The deteriorating political situation in the country is also another factor that contributed to the expansion of the parallel market, largely because of the growing tendency of capital flight at a time when there is uncertainty.
Especially lately, insiders indicate, an increasing number of both local and foreign investors are rushing to buy foreign currencies from the parallel market fearing the unprecedented fall in purchasing power of the Birr.
“Rebuilding the confidence of investors and the Diaspora on the economy is important to increase remittance sent through the official channel, along with measures to put in place a strong financial intelligence system to weaken the parallel market,” said Worku Lemma, a Financial Expert and former President of Oromia International Bank.
“Above all, the viable way to make the parallel market irrelevant is through boosting sources of foreign currency using different policy and administrative measures,” he added.
Abdulmenan, on the other hand, calls for the legalization of the parallel market.
“Harsh measures implemented by the government drive the market underground, leading to higher parallel market rates. So I believe the parallel market should be legalized and regulated. This helps reduce the parallel market exchange rates as the market becomes competitive, narrowing the gap between the official and parallel market rates,” he remarked.
Cost of Sending Money
One of the key factors that encourage individuals use informal channels is the high cost of transferring funds through formal channels. Especially for small amounts of personal transfers, which make up the lion’s share of remittance in developing economies, remittance costs are very high.
For a remittance ranging between USD50 and USD250, wire service providers like Western Union charge between 2.3 percent and seven percent of the principal amount. Considering the higher premium offered in the parallel market, both senders and recipients tend to avoid such a financial burden.
Studies also suggest that migrants refrain from sending money home or prefer remitting through informal channels when transaction costs are high. A study conducted on transaction costs for 30 sending and 75 receiving countries for the period 2011-2017 found out that a 1 percent decrease in the cost of remitting USD200 leads to about a 1.6 percent increase in remittance.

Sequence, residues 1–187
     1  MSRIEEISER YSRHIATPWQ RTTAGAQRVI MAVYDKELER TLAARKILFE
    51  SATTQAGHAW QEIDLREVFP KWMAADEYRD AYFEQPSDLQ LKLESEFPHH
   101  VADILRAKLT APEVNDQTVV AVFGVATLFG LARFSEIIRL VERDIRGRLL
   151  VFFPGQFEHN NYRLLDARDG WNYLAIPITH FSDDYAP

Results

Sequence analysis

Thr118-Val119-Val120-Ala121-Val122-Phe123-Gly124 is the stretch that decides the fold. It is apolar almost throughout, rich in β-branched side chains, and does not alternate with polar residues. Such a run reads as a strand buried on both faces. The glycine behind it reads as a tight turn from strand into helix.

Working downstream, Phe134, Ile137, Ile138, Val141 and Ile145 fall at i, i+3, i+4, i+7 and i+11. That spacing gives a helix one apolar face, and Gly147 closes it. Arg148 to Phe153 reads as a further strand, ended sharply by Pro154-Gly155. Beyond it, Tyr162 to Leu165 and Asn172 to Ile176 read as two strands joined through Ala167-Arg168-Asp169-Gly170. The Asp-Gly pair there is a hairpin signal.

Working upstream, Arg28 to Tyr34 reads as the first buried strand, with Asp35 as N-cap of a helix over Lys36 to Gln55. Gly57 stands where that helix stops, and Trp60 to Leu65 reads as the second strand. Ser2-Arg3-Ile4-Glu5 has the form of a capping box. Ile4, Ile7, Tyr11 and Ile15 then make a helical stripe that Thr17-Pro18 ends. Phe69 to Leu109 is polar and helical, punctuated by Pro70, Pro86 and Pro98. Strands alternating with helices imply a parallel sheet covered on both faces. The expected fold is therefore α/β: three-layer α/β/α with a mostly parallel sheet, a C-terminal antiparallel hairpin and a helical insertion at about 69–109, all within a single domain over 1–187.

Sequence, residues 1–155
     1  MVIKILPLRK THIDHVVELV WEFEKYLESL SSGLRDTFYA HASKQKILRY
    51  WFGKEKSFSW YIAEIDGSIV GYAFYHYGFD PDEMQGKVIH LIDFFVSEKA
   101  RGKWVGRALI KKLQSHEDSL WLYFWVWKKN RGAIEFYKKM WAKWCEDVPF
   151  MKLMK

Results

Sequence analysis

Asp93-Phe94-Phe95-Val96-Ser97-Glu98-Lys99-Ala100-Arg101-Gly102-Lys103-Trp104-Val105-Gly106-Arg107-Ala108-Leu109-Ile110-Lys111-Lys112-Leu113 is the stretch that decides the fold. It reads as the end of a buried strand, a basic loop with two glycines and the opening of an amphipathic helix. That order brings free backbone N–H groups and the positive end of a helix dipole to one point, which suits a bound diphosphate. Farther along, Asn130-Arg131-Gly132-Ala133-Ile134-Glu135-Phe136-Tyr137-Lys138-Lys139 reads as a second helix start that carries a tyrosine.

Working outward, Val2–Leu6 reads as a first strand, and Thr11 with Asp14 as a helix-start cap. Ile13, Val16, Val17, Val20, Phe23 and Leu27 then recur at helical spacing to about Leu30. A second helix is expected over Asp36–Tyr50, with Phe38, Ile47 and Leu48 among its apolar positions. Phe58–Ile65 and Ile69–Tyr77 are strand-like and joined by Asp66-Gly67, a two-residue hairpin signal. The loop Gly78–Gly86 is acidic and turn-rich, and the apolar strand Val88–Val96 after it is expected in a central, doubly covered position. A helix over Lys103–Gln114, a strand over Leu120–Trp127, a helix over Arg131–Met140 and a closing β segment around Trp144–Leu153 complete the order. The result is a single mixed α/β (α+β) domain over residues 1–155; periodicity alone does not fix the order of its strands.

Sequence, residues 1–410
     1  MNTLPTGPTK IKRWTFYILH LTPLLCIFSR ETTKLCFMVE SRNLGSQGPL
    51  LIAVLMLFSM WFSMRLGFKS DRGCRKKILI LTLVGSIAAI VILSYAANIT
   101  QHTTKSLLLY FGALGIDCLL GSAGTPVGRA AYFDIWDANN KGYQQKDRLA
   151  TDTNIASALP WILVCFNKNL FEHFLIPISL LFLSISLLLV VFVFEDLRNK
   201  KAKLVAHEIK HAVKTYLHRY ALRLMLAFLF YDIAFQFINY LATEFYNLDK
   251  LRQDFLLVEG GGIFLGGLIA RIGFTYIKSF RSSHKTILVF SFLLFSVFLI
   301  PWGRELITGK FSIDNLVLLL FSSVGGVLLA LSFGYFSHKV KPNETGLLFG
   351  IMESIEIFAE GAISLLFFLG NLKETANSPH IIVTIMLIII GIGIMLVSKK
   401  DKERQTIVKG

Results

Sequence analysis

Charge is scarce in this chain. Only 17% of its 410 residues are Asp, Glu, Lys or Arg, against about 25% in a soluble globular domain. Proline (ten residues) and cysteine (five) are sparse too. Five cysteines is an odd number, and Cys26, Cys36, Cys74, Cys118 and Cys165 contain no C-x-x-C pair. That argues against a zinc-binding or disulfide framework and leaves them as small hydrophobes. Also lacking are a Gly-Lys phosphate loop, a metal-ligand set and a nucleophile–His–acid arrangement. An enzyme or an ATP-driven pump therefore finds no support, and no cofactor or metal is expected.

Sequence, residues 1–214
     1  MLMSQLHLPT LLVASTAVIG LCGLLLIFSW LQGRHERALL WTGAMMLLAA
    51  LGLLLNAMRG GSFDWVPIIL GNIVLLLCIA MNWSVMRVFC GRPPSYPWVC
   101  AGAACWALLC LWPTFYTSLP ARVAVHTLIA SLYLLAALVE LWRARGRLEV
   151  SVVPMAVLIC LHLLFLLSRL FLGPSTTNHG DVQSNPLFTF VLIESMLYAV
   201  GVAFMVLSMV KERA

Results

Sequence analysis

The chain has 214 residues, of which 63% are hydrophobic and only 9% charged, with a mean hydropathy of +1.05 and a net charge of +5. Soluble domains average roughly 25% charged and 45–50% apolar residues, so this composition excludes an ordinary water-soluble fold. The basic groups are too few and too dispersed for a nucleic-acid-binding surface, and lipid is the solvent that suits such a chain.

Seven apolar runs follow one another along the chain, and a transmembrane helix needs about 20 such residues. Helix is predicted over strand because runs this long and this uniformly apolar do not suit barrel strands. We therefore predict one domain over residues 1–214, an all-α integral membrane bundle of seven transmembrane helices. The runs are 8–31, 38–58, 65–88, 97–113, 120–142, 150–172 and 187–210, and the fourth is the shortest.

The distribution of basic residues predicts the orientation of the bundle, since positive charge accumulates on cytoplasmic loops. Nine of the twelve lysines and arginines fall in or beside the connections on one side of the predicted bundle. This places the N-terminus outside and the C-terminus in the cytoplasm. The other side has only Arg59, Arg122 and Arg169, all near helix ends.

“Given the expensiveness of wire transfer for poor migrants, commercial banks must promote free money transfer channels, including swift transfer,” says Worku, even supporting the idea that Ethiopian commercial banks should establish a multinational company that will provide money transferring services to reach more Ethiopians and encourage them send money at an affordable rate.
Following the harsh impact of COVID-19 on developed economies, where most migrants and members of the Diaspora of developing countries reside, the amount of remittance is forecasted to portray a 14 percent decline in 2021 compared to pre COVID-19 levels in 2019, according to the latest estimates published in the World Bank’s Migration and Development Brief.
Remittance flows to low and middle-income countries (LMICs) are projected to fall by seven percent, to USD508 billion in 2020, followed by a further decline of 7.5 percent, to USD470 billion in 2021. Remittance inflow to Ethiopia has also declined from USD1.6 billion in the second quarter of 2019/20 – before the emergence of the Coronavirus – to USD1.2 billion in the last quarter of the same year. Taking this into account, a brief study conducted by the International Growth Centre in July 2020 suggested the expansion and promotion of digital money transfer by reducing fees.
“The National Bank of Ethiopia has already raised the mobile money transfer limits, making it easier to receive remittance. Further integrating international remittance with mobile money would ease access to remittance funds for the urban poor, with the added advantage of maintaining physical distancing,” the study recommends.
Even more, it says it would not be timely to attempt to tighten enforcement on the parallel market, which would slow the flow of remittances. But with recent measures implemented by the central bank, this does not seem to be happening as more actions aimed at weakening the parallel market are becoming more apparent.